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Low decks expose Florida bridge to Ivan surge


US STRUCTURAL engineers have concluded that a major motorway bridge in Florida was unable to stand up to a massive storm surge induced by Hurricane Ivan because the deck was too close to the water level.

A Florida Transportation Department engineer told NCE that most of the 36 year old Escambia Bay Bridge's deck is only 4m above water making it vulnerable to powerful storm surges.

As a result around 1km of the 4.1km long bridge's deck was swept off its supports and into the sea when Ivan hit the southern Florida city of Pensacola on Thursday last week.

A lorry driver was killed when the cab of his articulated lorry plunged into the water as one of the 20m span deck sections was engulfed.

Other deck sections were shoved sideways by the force of the surge and were still balanced precariously on their supports this week.

Florida is seeking federal funds for a new $200M (£125M) bridge with greater capacity and which will also have a higher deck to comply with design code changes introduced since the existing bridge was built in 1968.

'I expect that in the near future there will be a replacement bridge which will be higher above the water', said Florida Transportation Department district structures and facilities engineer John Locke.

The two lane bridge carries eastbound traffic on the I10 east of Pensacola to Milton. A second parallel bridge, 20m to the north carried westbound vehicles. Both structures suffered serious damage, although the southern bridge bore the brunt of the storm.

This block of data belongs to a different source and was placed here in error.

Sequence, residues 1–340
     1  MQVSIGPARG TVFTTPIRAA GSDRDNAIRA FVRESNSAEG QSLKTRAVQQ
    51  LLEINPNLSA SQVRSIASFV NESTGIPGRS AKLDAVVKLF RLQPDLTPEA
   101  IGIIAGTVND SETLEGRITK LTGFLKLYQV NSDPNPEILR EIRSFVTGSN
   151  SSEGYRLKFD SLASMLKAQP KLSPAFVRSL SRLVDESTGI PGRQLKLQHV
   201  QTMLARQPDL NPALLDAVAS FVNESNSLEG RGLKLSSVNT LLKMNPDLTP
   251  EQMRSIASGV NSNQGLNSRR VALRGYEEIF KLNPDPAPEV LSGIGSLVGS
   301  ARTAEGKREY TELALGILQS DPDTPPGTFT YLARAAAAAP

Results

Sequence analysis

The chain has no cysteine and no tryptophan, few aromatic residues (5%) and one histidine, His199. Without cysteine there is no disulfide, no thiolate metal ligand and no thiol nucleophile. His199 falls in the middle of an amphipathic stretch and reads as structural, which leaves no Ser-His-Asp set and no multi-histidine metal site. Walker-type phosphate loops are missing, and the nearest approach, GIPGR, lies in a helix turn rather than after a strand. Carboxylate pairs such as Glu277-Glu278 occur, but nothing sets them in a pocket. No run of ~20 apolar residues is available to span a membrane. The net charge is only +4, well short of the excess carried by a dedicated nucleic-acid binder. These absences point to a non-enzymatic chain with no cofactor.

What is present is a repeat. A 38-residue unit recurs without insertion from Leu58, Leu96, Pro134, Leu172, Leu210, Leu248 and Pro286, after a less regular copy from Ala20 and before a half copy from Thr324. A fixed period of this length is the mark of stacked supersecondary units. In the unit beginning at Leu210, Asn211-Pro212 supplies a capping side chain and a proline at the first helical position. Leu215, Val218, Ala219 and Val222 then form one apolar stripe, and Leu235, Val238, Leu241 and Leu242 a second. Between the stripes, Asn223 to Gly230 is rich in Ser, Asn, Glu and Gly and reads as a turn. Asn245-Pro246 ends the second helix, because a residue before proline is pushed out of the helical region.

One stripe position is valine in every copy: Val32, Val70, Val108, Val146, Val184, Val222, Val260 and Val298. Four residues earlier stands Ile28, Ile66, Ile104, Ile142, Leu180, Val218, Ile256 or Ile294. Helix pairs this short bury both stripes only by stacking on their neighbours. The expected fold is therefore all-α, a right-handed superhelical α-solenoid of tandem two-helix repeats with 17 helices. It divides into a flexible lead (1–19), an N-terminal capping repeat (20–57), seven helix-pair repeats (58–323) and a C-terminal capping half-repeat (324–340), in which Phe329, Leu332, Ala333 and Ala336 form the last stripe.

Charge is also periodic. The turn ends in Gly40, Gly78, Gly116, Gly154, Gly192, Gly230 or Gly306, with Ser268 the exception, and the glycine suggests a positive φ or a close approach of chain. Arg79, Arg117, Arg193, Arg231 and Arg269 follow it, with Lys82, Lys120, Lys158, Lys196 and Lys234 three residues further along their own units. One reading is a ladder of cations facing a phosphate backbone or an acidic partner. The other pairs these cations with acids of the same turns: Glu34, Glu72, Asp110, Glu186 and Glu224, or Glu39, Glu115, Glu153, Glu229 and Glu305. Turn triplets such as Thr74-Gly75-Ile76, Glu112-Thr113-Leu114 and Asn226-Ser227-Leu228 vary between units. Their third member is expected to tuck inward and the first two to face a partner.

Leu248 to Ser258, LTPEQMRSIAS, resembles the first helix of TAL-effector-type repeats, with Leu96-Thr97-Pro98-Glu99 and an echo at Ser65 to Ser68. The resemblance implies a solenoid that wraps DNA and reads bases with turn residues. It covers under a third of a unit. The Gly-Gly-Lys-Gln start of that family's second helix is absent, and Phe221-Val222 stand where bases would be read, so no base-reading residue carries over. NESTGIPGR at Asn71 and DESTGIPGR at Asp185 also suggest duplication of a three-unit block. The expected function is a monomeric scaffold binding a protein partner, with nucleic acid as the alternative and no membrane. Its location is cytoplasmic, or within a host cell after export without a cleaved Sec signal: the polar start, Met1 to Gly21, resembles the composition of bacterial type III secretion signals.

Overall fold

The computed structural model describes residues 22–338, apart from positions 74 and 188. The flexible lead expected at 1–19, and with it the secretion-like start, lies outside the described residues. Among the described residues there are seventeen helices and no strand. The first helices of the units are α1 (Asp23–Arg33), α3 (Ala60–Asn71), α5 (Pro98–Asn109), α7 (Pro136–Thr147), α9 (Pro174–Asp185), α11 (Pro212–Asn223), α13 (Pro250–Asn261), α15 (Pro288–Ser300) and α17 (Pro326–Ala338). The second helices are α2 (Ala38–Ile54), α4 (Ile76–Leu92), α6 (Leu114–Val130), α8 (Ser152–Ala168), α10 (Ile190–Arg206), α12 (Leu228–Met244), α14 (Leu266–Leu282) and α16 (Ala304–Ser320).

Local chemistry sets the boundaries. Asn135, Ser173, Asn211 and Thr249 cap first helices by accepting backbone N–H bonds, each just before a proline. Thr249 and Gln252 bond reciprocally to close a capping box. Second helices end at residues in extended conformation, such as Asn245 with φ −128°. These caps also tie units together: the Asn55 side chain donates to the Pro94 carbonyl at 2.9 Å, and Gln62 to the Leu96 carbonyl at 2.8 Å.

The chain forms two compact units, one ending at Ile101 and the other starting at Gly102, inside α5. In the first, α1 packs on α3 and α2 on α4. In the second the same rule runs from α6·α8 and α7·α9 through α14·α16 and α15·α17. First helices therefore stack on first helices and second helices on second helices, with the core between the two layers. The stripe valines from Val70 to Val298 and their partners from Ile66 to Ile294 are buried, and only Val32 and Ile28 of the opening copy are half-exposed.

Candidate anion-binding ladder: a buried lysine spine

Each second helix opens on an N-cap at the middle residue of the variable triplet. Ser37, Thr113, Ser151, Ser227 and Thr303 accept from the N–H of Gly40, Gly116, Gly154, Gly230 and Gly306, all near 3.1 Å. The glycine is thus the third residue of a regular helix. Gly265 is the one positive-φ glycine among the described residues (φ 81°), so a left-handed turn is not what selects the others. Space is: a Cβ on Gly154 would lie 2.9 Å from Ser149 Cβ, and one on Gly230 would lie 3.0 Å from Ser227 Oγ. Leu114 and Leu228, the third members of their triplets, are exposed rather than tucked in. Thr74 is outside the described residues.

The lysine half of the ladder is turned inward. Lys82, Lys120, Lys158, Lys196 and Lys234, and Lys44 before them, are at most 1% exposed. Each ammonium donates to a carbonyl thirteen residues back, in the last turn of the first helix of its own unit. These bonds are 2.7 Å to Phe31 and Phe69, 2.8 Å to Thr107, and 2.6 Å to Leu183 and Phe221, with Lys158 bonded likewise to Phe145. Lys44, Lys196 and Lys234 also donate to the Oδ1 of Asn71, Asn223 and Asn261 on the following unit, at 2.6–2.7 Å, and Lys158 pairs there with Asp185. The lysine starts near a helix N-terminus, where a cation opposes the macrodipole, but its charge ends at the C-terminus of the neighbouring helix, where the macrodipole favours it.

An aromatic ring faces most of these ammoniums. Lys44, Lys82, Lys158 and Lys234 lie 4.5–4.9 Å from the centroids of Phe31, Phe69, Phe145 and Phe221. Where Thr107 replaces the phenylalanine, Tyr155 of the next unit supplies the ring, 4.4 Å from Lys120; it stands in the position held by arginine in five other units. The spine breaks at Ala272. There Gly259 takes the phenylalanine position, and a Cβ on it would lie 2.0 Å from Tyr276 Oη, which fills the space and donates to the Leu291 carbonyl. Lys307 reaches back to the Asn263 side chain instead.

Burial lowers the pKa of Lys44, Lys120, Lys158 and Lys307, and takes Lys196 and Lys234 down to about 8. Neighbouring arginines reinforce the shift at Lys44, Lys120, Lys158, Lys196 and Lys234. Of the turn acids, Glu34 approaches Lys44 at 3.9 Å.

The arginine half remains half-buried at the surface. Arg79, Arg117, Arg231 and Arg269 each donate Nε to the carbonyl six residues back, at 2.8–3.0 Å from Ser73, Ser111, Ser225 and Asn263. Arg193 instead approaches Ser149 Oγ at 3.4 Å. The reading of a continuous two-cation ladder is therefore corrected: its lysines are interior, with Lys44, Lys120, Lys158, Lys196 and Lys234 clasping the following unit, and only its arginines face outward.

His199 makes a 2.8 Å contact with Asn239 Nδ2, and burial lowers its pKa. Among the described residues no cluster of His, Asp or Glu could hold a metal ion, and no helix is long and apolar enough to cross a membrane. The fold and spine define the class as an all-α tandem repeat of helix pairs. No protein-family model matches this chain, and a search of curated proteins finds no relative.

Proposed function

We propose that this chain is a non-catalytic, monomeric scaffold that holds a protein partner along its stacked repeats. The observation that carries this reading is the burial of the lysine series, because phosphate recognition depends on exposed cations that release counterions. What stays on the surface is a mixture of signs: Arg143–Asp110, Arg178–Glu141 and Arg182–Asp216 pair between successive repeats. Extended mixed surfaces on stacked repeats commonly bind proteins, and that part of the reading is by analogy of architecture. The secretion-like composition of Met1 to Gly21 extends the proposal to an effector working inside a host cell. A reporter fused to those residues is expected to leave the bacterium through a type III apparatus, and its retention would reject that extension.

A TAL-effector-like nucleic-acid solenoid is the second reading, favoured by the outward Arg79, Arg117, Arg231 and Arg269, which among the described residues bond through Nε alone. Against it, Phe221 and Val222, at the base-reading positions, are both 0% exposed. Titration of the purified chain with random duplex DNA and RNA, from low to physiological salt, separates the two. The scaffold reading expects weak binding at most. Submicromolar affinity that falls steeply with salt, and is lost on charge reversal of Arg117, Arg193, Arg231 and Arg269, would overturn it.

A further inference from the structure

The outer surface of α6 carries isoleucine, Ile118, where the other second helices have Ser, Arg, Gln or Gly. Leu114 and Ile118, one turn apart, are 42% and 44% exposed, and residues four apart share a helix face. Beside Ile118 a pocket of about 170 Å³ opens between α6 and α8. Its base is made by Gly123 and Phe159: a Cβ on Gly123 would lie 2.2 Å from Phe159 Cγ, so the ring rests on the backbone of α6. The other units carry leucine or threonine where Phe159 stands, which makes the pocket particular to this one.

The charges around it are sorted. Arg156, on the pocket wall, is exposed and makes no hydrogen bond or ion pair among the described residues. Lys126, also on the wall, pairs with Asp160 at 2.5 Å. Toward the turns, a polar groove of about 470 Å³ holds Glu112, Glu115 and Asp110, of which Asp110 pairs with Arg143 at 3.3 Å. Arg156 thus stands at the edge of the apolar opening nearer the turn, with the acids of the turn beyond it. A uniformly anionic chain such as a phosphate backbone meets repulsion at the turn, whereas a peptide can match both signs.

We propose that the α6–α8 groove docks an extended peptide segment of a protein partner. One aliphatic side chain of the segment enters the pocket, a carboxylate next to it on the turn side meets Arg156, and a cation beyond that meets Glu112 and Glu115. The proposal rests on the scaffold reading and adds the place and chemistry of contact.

About 75% of both structures are made up from a series of 20m long concrete deck sections bolted to cross beams. These beams are supported by three circular piers across the bridge's width (see picture below).

Each bridge has 221, 20m spans plus three 86m central spans supported on longitudinal steel beams. These central spans are 18m above sea level at the point where the bridge crosses a shipping lane.

Most of the spans lost were at the eastern end of the eastbound bridge. 'On the eastbound bridge, we lost 46 spans, 29 at the eastern end, and 12 on the westbound, ' said Locke. The sections were swept into the 5m deep water after they were torn from their anchor bolts.

Some of the cross beams were also pulled from their piers, and the force of the storm surge snapped some piers from their piled 3.3m diameter hollow concrete foundations.

'Nineteen piers were damaged on the eastbound bridge and seven on the westbound, ' said Locke.

He believed the storm surge was powerful enough to have overtopped the low lying parts of the two bridges.

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